Dead suspect ‘covered in bruises’ 

By Cameron Simpson 

07/20/05 "The Herald"
- - BAHA Musa was rounded up with six other men during a night raid on suspected Ba'ath party activists in the southern Iraqi city of Basra in 2003.

Four days after the sweep, his father, Dawood, was asked to identify his body at Camp Steven, one of a number of UK military detention centres around the city.

His father claimed the corpse was covered in blood, the nose broken, and the skin on the face torn. 

"There were bruises on his neck and all over his body, one wrist was fractured and the flesh exposed where handcuffs had been applied too tightly. 
A sergeant told me a rope had been put around his neck," he said.

Last night, nearly two years on, three men became the first British troops to be charged with alleged war crimes from the Iraq conflict.

Lord Goldsmith, the British attorney general, announced that the troops face charges under the International Criminal Court Act 2001 in connection with events surrounding the death of Musa, 26, a hotel receptionist.

One of the men, Corporal Donald Payne, 34, of the Queen's Lancashire Regiment, is charged with Musa's manslaughter and with the war crime of treating him inhumanely.

Goldsmith also announced that four soldiers would face a court martial charged with the manslaughter of Ahmed Jabbar Kareem Ali, a 17-year-old Iraqi civilian. British troops arrested the teenager and three others for suspected looting in Basra on May 8, 2003.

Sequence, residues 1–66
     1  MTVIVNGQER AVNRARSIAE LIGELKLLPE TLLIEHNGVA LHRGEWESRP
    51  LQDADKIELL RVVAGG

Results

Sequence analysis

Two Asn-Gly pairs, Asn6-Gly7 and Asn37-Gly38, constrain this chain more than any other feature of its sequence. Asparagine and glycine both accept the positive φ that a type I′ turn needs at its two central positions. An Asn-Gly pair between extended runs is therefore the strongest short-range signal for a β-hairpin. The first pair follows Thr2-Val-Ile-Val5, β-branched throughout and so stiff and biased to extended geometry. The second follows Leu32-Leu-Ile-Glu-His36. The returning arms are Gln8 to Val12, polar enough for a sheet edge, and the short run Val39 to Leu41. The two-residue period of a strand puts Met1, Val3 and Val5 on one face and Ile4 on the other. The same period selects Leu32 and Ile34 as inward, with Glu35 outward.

The soldiers allegedly punched and kicked the suspects and forced them to swim in a canal. Kareem Ali could not swim and drowned.

Also charged with manslaughter were Sergeant Carle Selman, 38, of the Scots Guards; Guardsman Martin McGing, 21, Guardsman Joseph McCleary, 23, both of the Irish Guards; and another soldier whose name was not released.

Last night, John Reid, British defence secretary, said he and the chiefs of staff were proud of the British armed forces.

"They do an exceptional job in very difficult circumstances and operate to the very highest standards, as the British public rightly expects. 

This is precisely why, if there are allegations that UK armed forces personnel have failed to maintain these high standards, they should be properly investigated and, if appropriate, prosecutions should be brought.

"Anyone accused is innocent until proved guilty and it is for the courts martial to consider the evidence in any case and reach a verdict. 

"Inhuman treatment of a person protected by the Geneva Conventions has been an offence under English law since 1957."

Earlier this year, a military review body reduced the sentences of two soldiers imprisoned for abusing Iraqi civilians in a case that drew comparisons with the Abu Ghraib prison scandal involving US forces. 

Both were found guilty of abusing Iraqi civilians suspected of looting in May 2003.

Their trials in Germany focused on photographs taken of the abuse, which included dangling a man from a forklift.
The photos provoked outrage in Britain, with Tony Blair calling the images shocking and appalling.

The Queen's Lancashire Regiment previously found itself at the centre of a furore after the Daily Mirror printed photographs purporting to show its soldiers abusing Iraqi civilians. The pictures were later discredited.

Two US reports detailed at least 44 incidents of abuse at Abu Ghraib.

Copyright © 2005 Newsquest (Herald & Times) Limited

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